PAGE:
Updated: Oct 23, 2022
Occupation therapists target foundational skills that are necessary to the development of language. Below you will find out how OT goal areas can help build communication skills.
Occupational therapists target motor skill development due to its critical effect on daily participation and independence. Motor skill development allows for exploration to find meaning in and make sense of, the environment. The more a child explores their environment, the more likely they learn, make associations, and finally place words to objects and actions. In recent studies, it has also been found that motor skill development correlates with the development of language. Recent studies have found an association with the onset of walking and the development of language (Walle and Campos, 2014; He et al., 2015). Sitting has also been found to be a milestone that is correlated with increases in receptive language. For more information you can refer to this article from the National Library of Medicine.
A child's ability to think of new ideas can greatly affect their language skills. Ideation is the foundational skill that promotes a child’s ability to not only think of a new idea during solo play, but to also think of new ideas that sustain interaction with others during reciprocal play. Occupational therapists are skilled in promoting regulation, which then helps develop play skills, so that children can more readily and easily think of new ideas. This is because a child’s ability to self regulate highly impacts the development of ideation. If your child is upset, or seeking sensory input from their environment, they are much less likely to be able to think creatively and add any new ideas within play.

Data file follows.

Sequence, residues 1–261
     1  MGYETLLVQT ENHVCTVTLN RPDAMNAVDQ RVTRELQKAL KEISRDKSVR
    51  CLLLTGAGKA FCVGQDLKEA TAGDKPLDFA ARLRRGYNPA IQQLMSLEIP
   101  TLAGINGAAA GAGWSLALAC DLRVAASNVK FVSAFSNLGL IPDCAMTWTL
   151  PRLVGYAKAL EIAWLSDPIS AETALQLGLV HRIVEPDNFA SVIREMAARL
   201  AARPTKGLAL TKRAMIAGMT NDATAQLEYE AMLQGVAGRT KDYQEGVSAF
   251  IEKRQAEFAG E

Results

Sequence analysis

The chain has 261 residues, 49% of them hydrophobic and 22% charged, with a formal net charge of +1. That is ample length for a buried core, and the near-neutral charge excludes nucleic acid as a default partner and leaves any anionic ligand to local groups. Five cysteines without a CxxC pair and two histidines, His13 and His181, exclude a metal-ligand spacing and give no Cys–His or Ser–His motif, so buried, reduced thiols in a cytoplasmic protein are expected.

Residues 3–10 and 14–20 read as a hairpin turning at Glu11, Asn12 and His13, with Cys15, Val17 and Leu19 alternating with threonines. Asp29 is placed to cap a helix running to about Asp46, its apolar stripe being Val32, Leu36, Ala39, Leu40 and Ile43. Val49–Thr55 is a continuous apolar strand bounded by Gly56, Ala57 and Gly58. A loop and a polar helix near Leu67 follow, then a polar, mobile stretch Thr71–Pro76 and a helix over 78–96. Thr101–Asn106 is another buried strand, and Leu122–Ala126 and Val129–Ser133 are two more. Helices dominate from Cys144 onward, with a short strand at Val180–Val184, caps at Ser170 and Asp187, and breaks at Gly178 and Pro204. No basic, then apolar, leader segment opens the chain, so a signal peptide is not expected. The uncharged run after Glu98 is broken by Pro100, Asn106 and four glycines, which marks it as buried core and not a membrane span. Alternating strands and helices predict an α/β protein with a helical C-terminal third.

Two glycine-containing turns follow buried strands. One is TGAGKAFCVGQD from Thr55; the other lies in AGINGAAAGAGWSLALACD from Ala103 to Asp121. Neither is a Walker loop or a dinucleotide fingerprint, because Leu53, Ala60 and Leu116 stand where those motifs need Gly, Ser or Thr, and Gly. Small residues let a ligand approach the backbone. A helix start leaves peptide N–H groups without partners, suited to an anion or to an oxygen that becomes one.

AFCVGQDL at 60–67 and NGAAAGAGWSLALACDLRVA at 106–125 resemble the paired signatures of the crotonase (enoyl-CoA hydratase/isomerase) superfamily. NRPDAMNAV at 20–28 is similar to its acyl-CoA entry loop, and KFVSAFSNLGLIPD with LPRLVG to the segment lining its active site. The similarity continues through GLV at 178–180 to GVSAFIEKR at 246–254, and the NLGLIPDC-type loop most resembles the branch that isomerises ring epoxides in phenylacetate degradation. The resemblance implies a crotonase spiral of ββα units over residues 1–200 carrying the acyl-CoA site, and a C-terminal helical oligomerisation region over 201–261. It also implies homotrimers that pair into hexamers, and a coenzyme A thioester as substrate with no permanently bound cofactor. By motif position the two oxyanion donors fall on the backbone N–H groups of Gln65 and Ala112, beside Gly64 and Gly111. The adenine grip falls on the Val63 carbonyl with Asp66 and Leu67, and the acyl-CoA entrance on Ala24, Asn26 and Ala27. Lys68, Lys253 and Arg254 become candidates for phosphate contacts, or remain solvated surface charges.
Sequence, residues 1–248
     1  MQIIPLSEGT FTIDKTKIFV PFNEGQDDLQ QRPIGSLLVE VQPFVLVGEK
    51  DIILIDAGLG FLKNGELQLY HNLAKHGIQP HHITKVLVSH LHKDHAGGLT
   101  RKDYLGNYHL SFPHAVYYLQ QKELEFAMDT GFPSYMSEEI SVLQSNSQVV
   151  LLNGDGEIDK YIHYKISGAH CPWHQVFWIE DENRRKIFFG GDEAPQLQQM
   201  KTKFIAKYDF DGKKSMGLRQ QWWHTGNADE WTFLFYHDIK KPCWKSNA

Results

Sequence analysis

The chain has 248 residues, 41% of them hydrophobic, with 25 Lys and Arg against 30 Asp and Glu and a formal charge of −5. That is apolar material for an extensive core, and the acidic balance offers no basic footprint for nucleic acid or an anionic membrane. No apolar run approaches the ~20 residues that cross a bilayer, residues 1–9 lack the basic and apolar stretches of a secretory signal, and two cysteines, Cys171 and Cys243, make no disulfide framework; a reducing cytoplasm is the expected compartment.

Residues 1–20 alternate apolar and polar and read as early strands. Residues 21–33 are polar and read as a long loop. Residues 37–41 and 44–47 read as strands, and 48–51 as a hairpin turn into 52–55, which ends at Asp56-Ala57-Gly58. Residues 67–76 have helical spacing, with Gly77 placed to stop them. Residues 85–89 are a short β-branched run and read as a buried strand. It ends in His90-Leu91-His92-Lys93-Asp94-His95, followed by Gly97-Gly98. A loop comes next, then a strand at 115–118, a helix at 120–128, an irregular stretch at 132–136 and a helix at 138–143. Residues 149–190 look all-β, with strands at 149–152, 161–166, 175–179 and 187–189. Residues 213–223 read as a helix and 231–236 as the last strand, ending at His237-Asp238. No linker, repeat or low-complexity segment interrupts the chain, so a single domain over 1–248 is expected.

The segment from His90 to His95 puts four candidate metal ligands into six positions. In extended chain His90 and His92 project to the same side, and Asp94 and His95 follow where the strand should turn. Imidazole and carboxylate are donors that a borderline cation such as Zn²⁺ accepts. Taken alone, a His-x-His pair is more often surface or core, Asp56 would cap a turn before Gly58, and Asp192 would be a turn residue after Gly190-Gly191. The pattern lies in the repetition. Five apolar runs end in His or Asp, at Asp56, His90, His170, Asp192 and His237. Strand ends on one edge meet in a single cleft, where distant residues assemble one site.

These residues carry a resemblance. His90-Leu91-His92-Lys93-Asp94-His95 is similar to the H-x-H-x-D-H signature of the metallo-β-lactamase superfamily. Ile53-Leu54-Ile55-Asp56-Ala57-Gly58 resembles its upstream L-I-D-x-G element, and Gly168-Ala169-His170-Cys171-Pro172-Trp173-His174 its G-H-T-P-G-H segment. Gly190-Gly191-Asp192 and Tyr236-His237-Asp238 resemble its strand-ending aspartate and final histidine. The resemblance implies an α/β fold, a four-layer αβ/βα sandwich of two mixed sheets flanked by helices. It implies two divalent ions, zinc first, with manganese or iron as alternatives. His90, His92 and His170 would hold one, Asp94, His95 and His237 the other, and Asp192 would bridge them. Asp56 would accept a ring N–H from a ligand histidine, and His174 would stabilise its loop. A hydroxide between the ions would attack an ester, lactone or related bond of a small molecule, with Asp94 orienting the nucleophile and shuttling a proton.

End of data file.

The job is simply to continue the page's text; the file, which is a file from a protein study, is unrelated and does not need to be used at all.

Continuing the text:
Occupational therapists are well known for their knowledge of sensory processing. Sensory modulation, for example, is your child’s ability to process the sensory information they receive from their environment, then either respond to or adapt to it, while remaining balanced in a just-right arousal state. If your child is having difficulty maintaining a balanced and regulated emotional state due to an environment that is overstimulating or understimulating, engagement with anyone else will become difficult. This, in turn, means language will be difficult to produce as well.
Motor Planning and Sequencing
Motor planning & sequencing support gestural communication, a precursor to verbal communication. Many speech language pathologists evaluate language development among children and will often ask if the child gestures while communicating, in order to provide insight into how well a child is learning and behaving socially in their environment . We underestimate how many movements and sequences are involved in making a gesture, which in fact, is still considered communication. Motor planning and sequencing can highly affect a child's ability in pointing to show/communicate something, tugging at your arm to communicate for help, or coming to find you when they are hungry. Until a child understands these patterns and becomes more purposeful with gestures, it will continue to be difficult for them to find the words they are attempting to express.
Occupational therapists can also guide in making the environmental changes necessary to improve engagement and interaction with others within the home. OTs are trained to observe which sensory inputs in the environment are distracting and are preventing a child’s ability to focus on interactions with others. Once a Greenspan Floortime therapist makes necessary changes, or makes recommendations, such as organizing toys up high, and removing overstimulating inputs, they are then able to focus on maintaining regulation and engagement that will aid in the development of language.
The DIR/Floortime model trains therapists and providers on how to target these foundational skills to build language. As a trained Greenspan Floortime therapist, language and interaction is a priority in every therapy session. Call us for a free 15 minute consultation to understand how we target these foundational skills to help build your child’s engagement, language and communication skills.